Russia St Petersburg Architecture Gates Narva Triumphal Gates

Narva Triumphal Gates

The Narva Triumphal Gates commemorate the Russian victory over Napoleon’s army (1812). They were originally built from wood by Giacomo Quarenghi and decorated by Ivan Terebenyov (1812–14). The gates initially stood on the Narva Highway, between the Obvodny Canal and what is now Stachek Square, before being removed to a site on the Peterhof Highway.

The foundations of the gates were relaid on 26 August 1827. The arch was rebuilt from brick by Vasily Stasov and faced with copper leaves by Baron Peter Clodt von Jürgensburg, Stepan Pimenov and Vasily Demut-Malinovsky (1827–34). The new gates were ceremoniously opened on the twenty-first anniversary of the victory at the Battle of Kulm (17 August 1834.)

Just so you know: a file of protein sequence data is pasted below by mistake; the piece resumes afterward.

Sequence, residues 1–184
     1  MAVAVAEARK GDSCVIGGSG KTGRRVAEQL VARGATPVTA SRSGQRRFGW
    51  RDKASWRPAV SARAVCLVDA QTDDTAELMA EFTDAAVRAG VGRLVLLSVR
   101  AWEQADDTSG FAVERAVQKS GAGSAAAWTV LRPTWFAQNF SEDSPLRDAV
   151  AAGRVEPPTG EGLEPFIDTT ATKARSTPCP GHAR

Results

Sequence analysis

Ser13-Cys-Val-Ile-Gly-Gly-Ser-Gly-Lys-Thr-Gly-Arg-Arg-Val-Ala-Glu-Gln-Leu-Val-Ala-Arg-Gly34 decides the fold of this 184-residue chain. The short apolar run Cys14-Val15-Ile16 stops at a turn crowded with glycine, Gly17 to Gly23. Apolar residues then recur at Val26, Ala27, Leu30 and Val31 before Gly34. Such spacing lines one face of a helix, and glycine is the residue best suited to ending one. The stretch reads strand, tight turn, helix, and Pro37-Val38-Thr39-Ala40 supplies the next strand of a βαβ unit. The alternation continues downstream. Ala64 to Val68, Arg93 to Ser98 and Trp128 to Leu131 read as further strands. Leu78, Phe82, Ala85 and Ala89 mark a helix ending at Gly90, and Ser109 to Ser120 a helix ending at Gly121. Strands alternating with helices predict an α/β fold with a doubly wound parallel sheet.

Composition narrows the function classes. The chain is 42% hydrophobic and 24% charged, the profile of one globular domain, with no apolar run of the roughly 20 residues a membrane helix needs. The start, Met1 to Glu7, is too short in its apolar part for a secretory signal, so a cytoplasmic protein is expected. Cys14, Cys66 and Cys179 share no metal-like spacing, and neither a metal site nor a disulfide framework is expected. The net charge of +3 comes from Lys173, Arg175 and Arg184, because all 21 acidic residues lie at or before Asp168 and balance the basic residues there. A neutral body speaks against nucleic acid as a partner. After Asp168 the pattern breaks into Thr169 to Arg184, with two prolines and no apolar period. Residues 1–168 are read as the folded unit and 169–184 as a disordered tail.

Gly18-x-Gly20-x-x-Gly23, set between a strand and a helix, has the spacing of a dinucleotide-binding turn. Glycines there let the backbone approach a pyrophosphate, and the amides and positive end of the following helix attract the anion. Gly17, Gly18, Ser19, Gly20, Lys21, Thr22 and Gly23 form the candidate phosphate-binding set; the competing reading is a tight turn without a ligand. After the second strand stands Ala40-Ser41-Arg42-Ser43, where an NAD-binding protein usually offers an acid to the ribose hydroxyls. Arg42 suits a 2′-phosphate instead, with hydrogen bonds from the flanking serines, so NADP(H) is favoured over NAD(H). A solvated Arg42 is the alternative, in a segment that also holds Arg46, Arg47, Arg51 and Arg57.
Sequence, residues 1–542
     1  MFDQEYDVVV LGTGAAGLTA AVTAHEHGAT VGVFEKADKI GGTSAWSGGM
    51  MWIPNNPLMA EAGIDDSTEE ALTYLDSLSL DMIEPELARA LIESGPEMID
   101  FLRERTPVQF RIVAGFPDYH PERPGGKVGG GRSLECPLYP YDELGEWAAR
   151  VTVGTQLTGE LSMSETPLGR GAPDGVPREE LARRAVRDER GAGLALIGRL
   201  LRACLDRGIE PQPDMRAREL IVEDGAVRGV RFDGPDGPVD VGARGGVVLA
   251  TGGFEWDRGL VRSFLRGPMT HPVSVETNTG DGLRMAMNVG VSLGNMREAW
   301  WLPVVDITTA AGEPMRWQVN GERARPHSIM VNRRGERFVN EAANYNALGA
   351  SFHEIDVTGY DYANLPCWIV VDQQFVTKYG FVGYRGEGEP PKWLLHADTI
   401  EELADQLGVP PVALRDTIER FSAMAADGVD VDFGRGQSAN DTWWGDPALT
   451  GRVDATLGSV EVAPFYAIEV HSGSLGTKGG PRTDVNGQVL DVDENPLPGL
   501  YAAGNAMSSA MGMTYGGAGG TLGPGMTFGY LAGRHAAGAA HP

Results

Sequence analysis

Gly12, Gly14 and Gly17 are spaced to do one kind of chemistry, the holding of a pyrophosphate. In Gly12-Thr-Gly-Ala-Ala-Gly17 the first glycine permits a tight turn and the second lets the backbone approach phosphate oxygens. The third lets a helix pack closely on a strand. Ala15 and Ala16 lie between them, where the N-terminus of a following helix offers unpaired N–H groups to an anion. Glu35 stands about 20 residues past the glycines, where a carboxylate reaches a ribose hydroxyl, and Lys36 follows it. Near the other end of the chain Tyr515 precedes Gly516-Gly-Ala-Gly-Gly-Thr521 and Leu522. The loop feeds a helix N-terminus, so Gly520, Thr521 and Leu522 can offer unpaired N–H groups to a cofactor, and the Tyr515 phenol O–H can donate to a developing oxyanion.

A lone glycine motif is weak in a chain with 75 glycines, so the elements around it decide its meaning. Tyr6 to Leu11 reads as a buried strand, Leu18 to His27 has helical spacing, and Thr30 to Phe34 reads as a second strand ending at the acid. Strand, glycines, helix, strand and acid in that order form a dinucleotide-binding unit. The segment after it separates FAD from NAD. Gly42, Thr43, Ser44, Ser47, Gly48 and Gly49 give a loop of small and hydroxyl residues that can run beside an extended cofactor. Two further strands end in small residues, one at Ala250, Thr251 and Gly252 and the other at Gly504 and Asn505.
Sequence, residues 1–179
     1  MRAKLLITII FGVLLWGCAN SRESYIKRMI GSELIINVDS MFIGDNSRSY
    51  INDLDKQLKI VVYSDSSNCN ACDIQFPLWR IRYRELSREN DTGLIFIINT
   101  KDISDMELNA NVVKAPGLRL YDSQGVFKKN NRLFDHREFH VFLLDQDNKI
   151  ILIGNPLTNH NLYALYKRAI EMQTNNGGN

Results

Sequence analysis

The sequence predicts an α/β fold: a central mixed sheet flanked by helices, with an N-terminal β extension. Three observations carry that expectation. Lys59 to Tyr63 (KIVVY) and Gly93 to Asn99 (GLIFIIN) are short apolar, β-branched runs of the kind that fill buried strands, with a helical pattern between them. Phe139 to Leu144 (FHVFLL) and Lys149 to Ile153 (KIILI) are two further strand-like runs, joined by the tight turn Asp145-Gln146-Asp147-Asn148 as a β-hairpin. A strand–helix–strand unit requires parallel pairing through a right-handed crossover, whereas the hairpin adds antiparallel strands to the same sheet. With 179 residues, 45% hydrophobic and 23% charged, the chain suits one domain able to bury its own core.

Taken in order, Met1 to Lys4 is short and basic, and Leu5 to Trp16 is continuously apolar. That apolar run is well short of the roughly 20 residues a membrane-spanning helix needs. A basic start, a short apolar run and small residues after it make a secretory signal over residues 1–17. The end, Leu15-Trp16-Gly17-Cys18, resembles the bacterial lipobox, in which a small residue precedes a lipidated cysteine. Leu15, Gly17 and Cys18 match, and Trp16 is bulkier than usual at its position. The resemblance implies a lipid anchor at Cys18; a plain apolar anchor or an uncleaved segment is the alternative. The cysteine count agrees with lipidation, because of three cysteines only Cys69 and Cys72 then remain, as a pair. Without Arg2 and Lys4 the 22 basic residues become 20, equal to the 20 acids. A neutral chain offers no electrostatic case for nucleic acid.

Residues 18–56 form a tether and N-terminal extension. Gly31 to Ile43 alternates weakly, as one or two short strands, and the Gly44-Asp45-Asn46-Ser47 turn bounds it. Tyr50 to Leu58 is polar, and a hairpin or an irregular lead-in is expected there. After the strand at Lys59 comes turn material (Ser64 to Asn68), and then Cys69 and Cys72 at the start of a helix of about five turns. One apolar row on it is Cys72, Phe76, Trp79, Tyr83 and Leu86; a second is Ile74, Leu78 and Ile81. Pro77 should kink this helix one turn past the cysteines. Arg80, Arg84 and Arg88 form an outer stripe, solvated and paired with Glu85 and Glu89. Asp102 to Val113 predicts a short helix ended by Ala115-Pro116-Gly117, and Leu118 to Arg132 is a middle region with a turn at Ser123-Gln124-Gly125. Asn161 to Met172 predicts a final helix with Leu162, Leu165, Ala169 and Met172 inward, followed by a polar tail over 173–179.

There is a popular legend that an evil sorcerer stands at the Narva Triumphal Gates. This suggestion of a dark power was introduced into the painting of the Narva Gates by Pavel Filonov in 1929. Filonov’s image is a metaphor for the rise to power of Joseph Stalin and the coming atmosphere of arrests, denunciations and political repressions in the Soviet Union.

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